- “Why were we allowed to talk to each other like this?”
- “Why were we allowed to treat each other like this?”
- “Why didn’t my parents step in?”
The responsibility for fostering a kind family environment belongs to the parents! And there is no better place to nurture an expectation of kindness than around the dinner table.
Before Covid’s arrival, we had dinner guests in our home. As soon as I stood up to start clearing the table, they began arguing over politics.
I’m typically very chill, and especially so with my friends. But in that situation, my family saw a side of me they rarely do.
One guest was delivering a snide remark aimed at the guest across the table. Looking directly at the speaker, I said, “We don’t argue about politics in our home.”
Everyone at the table looked at me, but all I got from the two arguing were glances. They just kept going.
Despite having my hands full of dirty dishes, I stepped closer and repeated, “We don’t argue about politics in our home. You can go outside if you want to keep arguing,”
One of them softly grumbled that they weren’t arguing, but they got the message!
Was this a kind response to our guests?
Being kind is not opposed to candidness. Rather it works with candidness and anger to maintain a safe environment for everyone. We do encourage healthy debate and argumentation in our home, but it must be done in the proper time and place, and that is not at the dinner table.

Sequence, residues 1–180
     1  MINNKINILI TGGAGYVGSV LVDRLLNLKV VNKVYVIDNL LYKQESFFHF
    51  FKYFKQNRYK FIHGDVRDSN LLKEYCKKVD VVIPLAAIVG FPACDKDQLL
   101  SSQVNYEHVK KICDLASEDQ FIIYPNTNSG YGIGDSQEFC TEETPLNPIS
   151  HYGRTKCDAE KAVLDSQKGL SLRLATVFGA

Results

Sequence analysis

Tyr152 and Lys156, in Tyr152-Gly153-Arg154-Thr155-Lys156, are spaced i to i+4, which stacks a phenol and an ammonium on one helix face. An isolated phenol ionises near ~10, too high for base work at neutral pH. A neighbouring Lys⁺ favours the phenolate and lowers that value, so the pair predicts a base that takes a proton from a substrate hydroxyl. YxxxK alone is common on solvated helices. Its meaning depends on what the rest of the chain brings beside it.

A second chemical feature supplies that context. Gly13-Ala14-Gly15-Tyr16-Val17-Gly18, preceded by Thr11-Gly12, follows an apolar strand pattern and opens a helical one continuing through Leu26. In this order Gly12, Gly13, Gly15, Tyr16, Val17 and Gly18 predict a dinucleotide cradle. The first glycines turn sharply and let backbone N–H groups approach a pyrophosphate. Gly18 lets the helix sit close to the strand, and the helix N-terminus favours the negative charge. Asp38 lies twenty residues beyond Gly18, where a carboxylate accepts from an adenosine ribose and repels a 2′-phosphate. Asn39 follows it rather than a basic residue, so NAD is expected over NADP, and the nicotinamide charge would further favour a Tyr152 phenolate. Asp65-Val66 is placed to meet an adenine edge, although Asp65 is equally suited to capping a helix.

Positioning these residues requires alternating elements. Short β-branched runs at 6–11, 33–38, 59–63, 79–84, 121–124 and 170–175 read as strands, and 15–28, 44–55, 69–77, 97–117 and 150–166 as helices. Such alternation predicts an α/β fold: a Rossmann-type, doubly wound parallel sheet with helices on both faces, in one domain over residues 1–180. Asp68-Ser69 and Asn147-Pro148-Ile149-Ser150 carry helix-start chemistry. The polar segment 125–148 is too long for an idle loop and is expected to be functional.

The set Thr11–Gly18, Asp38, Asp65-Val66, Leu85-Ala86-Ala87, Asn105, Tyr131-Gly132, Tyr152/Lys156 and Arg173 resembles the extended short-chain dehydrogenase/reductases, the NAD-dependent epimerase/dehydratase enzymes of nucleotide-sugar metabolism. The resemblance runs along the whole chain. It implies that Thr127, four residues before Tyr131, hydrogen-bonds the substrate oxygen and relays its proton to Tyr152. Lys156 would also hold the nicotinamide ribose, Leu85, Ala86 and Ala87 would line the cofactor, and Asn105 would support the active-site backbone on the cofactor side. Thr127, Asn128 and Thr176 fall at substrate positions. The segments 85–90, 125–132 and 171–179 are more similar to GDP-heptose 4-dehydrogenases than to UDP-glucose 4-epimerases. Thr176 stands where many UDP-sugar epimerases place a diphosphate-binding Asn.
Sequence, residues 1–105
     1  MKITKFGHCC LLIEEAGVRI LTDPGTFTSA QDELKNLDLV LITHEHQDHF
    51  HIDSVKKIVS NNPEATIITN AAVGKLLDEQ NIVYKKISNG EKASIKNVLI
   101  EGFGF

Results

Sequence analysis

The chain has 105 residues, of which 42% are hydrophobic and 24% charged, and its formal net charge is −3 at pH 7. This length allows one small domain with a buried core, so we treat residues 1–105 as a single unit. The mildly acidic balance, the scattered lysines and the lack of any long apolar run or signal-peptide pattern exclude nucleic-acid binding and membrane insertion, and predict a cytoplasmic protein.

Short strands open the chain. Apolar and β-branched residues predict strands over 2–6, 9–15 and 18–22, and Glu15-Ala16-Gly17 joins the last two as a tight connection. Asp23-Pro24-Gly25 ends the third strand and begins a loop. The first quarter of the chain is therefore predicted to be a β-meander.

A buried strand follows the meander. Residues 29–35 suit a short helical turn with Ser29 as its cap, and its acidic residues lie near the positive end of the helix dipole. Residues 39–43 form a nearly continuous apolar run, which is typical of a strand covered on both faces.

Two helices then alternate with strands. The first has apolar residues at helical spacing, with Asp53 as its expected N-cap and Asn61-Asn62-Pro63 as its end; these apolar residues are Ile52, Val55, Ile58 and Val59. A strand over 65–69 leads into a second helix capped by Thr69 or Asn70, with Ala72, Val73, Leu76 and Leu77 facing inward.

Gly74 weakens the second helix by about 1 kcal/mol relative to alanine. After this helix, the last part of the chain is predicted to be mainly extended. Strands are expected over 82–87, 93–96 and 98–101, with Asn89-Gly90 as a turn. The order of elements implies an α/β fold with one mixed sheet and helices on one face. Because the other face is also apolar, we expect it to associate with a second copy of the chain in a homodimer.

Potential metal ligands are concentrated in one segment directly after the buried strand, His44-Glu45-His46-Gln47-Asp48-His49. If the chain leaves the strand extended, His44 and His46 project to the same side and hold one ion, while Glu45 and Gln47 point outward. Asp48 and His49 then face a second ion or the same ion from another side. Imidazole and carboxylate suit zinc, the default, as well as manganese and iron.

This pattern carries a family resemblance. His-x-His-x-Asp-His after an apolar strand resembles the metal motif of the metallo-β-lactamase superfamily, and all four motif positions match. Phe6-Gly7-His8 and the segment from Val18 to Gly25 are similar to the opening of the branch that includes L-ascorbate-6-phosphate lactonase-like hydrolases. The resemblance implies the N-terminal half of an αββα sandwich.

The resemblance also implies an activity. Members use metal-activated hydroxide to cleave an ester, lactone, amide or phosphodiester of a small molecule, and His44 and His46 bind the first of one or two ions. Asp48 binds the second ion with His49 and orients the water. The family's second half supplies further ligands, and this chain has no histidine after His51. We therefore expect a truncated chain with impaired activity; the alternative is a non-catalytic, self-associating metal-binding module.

The political foes’ temporary shortcoming didn’t affect how we interacted for the rest of the night. Following our confrontation, I focused on kindness with them. We spent the evening playing games and laughing,
Family Dinner Rules #2: Be Present
We haven’t officially banned cell phones from the dinner table. However, we do have an unspoken rule against texting or talking on them during meals.
One of my former employees had a bad habit of letting his phone distract him during meetings. He was in management, and I otherwise appreciated his work ethic and enjoyed working with him.
I told him I’d appreciate his not letting the cell phone be a constant distraction during our meetings. He obliged.
But before speaking to him, I considered my behavior. Being the boss didn’t give me permission to take texts or glance at my phone during meetings either.
I decided to work on my bad habit as well, and focus on being fully present with whomever I meet with. And that includes my family at the dinner table.
Being present goes beyond ignoring distractions. On many evenings, we go around the table, taking turns sharing the best and worst of our day.